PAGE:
Anyone who decides to purchase the artwork is faced with the fundamental question of whether CHESS should be used as a perfume. Using seems obvious – after all, a perfume only comes into its own when it is used, worn and smelled. If not, it only has the potential to give off its scent, but no one will actually smells it. Unlike visual impressions, it is not possible for humans to recall odors from memory. It is therefore necessary to use the perfume continuously in order to obtain a new fragrance impression with each application. In this respect, CHESS tempts you to use it and consume it until it is used up – just like a consumer product. If you want to experience CHESS, the artwork transforms it into a consumer product. Can CHESS then still be considered an artwork? This dilemma is ironized on the packaging with the warning “THIS IS NOT A PERFUME! IT IS A WORK OF ART. DO NOT USE IT (as anything other than a decorative or investment object)!” The instructions for actual use (“Spray onto pulse from a distance of approximately 15 cm.”) can be found just below. The statement “THIS IS NOT A PERFUME” clearly is an allusion to René Magritte’s painting La Trahison des images – also known under the title This is not a pipe – and sets an art historical and theoretical context, which paradoxically opens up the possibility of questioning the status of CHESS as a work of art or perfume itself. The pop-up store staging of the exhibition, the advertising spots and the sale of the work lend CHESS the apparent character of a consumer good. At the same time, in the context of the art world, the advertising event becomes a performance that makes use of an advertising aesthetic and strategy in order to address it within the framework of the (art) exhibition.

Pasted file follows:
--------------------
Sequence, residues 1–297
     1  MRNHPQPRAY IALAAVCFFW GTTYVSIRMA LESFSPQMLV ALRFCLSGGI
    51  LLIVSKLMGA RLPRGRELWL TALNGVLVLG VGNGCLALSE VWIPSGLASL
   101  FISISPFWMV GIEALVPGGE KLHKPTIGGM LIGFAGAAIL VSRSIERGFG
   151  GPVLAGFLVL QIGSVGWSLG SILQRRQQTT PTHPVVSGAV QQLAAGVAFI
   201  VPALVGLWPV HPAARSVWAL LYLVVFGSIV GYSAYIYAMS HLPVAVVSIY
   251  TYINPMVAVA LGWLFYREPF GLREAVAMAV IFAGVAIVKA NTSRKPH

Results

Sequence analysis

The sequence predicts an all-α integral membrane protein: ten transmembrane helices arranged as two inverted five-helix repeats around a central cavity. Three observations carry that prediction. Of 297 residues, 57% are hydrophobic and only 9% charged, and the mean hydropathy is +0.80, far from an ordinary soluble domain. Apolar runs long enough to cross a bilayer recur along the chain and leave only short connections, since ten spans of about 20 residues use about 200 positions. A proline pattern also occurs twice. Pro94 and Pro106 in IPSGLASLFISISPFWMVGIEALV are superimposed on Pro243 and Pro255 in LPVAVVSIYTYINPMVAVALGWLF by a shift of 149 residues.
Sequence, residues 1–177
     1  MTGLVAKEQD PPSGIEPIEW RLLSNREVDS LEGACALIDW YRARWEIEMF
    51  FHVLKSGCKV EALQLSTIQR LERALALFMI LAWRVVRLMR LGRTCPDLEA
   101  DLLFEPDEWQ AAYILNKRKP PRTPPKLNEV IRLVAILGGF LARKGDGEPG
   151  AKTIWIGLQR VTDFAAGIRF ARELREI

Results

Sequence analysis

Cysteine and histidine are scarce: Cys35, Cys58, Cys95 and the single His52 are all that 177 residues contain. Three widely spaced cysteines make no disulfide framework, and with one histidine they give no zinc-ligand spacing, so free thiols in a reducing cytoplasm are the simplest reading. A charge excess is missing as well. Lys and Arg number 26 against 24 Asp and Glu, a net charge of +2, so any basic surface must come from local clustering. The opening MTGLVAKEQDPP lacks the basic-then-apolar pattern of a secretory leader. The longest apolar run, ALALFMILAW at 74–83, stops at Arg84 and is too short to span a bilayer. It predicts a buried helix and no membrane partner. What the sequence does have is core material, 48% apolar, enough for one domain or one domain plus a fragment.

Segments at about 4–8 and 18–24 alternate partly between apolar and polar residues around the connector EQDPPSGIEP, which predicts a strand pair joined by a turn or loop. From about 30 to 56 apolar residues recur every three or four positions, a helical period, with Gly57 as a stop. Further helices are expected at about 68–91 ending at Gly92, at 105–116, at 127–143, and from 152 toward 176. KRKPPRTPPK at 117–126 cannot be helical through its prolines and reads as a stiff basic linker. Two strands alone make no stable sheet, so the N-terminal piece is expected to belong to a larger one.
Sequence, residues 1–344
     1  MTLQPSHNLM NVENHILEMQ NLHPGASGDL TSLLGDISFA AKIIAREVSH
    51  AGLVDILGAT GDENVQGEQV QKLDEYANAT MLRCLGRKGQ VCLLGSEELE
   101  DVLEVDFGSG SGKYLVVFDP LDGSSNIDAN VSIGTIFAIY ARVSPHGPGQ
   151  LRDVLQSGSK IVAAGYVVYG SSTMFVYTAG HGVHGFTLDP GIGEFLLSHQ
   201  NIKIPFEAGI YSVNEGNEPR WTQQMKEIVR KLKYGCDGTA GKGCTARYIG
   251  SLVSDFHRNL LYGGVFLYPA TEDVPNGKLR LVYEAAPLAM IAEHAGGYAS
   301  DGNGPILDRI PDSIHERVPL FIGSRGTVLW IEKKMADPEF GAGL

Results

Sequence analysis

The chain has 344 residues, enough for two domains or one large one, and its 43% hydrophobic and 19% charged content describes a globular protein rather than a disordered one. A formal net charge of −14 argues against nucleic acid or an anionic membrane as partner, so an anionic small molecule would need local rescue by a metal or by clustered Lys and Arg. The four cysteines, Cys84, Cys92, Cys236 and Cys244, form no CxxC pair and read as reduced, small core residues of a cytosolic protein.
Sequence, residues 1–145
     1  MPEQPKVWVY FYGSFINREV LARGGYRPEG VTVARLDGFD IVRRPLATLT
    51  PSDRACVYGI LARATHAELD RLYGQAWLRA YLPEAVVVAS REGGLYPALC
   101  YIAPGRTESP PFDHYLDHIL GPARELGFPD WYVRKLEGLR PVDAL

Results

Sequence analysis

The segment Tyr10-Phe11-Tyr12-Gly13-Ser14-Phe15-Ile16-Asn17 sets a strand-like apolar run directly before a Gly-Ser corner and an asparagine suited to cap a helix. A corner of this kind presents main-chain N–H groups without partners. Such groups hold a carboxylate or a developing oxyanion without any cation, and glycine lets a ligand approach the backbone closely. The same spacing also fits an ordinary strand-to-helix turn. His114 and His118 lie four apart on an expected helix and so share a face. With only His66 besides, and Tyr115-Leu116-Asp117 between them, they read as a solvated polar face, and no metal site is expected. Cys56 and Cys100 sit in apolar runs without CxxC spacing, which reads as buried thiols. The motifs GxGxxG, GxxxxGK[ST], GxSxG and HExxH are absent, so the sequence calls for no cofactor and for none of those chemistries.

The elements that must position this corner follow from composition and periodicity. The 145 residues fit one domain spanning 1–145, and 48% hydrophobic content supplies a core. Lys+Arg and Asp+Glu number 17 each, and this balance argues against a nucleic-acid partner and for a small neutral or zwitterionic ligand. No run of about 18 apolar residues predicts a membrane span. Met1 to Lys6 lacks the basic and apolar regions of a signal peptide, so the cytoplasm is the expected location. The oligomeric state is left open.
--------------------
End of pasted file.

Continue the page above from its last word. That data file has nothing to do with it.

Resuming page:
Back of the package (2024). Photo: Till Bödeker.